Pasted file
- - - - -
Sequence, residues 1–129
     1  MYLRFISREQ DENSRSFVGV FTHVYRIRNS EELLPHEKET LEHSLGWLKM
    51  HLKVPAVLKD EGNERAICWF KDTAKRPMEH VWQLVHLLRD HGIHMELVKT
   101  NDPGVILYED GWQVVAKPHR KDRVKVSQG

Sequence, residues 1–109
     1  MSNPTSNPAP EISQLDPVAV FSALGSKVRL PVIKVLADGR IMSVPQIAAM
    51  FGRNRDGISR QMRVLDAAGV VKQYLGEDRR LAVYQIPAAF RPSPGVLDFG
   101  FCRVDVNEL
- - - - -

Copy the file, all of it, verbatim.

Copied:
Sequence, residues 1–129
     1  MYLRFISREQ DENSRSFVGV FTHVYRIRNS EELLPHEKET LEHSLGWLKM
    51  HLKVPAVLKD EGNERAICWF KDTAKRPMEH VWQLVHLLRD HGIHMELVKT
   101  NDPGVILYED GWQVVAKPHR KDRVKVSQG

Sequence, residues 1–109
     1  MSNPTSNPAP EISQLDPVAV FSALGSKVRL PVIKVLADGR IMSVPQIAAM
    51  FGRNRDGISR QMRVLDAAGV VKQYLGEDRR LAVYQIPAAF RPSPGVLDFG
   101  FCRVDVNEL